Caution: Example Code Ahead

Today's post veers from anything flash specific and goes to the more generic area of example code.  For everything you want learn about in the world of programming there is some example code.  Example code is a great way to see what book authors and blog posters are trying to explain in their posts. I'm a better programmer than a writer so I know how difficult it is to explain some of these concepts without showing code. However, example code has some issues that it is important to be aware of when you use it.

Comments aren't part of the example

Unless you are reading a book about writitng good code ( I recommend Code Complete by Steve McConnell ) the comments in the code are not there to show you good commenting practice. I could rant on and on how code should be self documenting and be able to be read like a good book but my main complaint with comments in most example code is stuff like this:

// define variable a as an integer and set it to 5
var a:int = 5

Now when you are learning about defining and setting variables this comment is important and that is why this comment is in example code. Unfortunately, I see this all too often in code I've had to debug. Code that is straight forward doesn't need to be commented. In case you don't know, comments like that in real world code scream amateur and/or I just copied this from the internet somewhere. Moving forward, you might want to make your code as straight forward as possible so you don't need to comment it.

Best Practices are rarely in example code

Recently I was reading a book on AJAX programming that was trying to show how to use a simple service written in PHP.  To do this they had two input fields in a form where you entered numbers.  The javascript would then send the values of those two fields to a simple PHP webservice that divided the numbers then returned the results. After that the results were parsed to show the answer on the screen.  For the purpose of the book, which was to show how you could use a webservice without being overloaded with other code, this is okay.  In real life, you should just divide the numbers using javascript and leave the webservice out of it.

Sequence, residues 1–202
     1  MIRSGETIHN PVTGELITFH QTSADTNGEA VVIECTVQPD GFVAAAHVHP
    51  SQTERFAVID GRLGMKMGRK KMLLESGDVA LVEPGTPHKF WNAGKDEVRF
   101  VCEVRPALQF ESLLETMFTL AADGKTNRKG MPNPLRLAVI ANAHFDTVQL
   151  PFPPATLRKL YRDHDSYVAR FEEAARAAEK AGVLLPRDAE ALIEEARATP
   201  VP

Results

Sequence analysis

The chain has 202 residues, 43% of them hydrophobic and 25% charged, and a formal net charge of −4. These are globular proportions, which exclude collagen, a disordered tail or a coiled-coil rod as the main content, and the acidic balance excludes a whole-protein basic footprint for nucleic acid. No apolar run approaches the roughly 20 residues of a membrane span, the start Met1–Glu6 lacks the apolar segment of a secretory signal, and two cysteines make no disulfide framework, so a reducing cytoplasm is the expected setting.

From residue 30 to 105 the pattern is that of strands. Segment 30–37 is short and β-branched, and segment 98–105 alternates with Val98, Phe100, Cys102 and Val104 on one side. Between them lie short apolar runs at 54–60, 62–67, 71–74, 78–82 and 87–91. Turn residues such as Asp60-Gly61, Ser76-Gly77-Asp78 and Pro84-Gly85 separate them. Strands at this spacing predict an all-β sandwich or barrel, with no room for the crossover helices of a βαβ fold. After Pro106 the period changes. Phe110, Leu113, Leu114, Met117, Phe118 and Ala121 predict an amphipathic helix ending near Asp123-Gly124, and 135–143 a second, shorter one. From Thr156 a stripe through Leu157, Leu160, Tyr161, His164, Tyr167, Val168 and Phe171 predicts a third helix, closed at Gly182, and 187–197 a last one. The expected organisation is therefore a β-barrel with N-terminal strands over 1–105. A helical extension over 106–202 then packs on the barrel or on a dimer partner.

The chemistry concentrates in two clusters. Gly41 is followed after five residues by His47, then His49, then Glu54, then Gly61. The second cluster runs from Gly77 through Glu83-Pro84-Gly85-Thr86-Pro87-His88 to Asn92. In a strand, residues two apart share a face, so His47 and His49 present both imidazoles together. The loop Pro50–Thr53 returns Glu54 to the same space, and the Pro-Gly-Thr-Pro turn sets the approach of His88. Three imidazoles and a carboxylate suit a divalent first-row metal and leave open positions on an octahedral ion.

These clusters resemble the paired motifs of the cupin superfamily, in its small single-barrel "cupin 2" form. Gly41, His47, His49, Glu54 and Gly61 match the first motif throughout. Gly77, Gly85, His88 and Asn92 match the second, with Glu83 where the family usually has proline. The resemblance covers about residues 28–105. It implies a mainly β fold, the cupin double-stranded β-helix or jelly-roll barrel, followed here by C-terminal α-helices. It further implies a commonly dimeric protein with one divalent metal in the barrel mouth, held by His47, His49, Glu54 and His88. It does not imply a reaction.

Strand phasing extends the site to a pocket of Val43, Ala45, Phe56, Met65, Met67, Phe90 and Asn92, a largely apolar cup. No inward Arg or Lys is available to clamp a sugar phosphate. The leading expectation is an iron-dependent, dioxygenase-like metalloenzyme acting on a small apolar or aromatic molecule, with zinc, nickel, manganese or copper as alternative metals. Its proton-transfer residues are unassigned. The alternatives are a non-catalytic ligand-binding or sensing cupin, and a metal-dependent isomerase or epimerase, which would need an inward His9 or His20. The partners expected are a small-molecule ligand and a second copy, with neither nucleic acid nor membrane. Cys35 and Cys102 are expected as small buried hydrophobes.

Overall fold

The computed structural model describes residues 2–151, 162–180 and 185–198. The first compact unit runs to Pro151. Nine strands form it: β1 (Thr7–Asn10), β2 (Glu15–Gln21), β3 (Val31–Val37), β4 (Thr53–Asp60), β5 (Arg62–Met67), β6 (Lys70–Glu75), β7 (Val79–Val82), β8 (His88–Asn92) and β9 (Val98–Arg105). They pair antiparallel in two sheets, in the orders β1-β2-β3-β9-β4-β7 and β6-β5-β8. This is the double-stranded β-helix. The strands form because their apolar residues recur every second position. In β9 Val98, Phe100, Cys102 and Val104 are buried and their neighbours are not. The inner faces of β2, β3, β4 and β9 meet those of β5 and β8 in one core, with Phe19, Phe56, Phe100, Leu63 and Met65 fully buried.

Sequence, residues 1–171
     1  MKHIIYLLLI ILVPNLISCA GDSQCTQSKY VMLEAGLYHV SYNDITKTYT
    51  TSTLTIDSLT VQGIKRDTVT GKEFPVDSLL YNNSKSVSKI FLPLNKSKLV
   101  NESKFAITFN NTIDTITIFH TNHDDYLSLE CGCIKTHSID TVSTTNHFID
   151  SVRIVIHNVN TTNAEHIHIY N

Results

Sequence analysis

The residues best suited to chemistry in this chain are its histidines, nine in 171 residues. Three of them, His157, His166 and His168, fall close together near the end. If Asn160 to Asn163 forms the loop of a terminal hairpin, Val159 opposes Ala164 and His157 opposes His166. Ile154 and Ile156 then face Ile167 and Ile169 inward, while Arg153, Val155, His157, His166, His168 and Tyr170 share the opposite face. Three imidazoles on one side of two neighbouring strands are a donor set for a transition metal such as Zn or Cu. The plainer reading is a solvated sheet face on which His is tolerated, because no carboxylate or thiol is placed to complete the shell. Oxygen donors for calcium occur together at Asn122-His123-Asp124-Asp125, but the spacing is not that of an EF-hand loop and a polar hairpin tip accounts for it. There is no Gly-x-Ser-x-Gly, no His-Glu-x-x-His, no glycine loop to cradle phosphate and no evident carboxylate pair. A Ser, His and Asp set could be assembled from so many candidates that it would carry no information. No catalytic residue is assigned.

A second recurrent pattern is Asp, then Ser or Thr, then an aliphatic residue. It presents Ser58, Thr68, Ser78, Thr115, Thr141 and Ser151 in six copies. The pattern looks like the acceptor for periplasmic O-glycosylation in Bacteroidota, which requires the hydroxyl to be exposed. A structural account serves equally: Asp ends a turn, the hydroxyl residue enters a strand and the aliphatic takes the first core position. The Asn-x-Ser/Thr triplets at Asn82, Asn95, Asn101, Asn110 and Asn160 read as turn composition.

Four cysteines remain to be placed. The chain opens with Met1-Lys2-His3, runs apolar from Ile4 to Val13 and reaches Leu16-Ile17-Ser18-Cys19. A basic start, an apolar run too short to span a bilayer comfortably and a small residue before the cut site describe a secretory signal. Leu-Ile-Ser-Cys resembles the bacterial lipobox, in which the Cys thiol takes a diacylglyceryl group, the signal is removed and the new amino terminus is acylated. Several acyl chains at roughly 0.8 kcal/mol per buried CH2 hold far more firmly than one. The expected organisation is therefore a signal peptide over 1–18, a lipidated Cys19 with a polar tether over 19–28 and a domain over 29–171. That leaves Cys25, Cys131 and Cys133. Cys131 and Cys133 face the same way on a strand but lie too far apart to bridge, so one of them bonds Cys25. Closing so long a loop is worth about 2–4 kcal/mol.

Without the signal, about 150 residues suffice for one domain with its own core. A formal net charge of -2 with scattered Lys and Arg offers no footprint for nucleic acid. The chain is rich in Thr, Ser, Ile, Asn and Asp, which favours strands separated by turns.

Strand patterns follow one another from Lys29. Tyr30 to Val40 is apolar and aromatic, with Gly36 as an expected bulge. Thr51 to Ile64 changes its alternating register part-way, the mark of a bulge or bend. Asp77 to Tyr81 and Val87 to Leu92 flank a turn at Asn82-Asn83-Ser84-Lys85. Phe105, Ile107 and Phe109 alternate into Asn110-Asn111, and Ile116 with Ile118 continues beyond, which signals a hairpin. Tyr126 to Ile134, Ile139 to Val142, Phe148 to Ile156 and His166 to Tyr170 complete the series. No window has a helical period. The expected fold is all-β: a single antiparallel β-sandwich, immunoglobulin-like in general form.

Also, if you read books and blog posts word for word the authors know that what they are doing isn't meant for prime time so they will leave a caution warning ( possibly with a cartoony icon ) letting you know this. Please heed their advice if it is there, but since it usually isn't just realize that example code probably isn't the best way to handle the problem domain it seems to be solving.

My oh my!

This next section is about a pet peeve of mine, the use of the word "my" in example method and variable names.  For instance, I sometimes run across code like the following:

var myName:String
function myClickHandler( event:Event ):void{
...
}

Unlike the previous examples, I don't think the reasoning behind this convention in example code is strong enough to even use it there. The reason I don't like this convention is the readability of code that has to use it .  Using the myName variable as an example, which code appears cleaner and easier to read?

if( employee.myName == 'Jeff' )

or

if( employee.name == 'Jeff' )

I think you'll agree that the second example, without the redundant prefix is cleaner and easier to read.

The code doesn't always work

Anyone who has ever tried to copy or [GASP!] cuts and pastes example code has probably figured out that there is a high probability that it won't work.  There are several possibilities for this from editors who think they know better to code that was only written in a text editor but not tested or even an errant copy and post from the author's IDE that forgot a semi-colon.

This isn't a problem in the way that the previous items are a problem with example code. Though it would probably be better if it didn't occur, its better just to know that your chances of perfectly working code are 50/50. In fact, non-working example code can be a good thing to debug. Especially when you consider a majority of your programming career ( or hobby for that matter ) will probably be taken up with debugging code that you swear should work.

What else?

While the heading for this section might make you think I'm going to discuss the overuse of if-else statements I'm really asking for your opinions on example code.  Am I off base?  Do you have your own issues with example code? Perhaps you want to discuss the overuse of if-else statements in example code or maybe you'd like to see more of them.  Please, comment below and let me know.

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Testing if an object is in a set

What would it take to get to normal?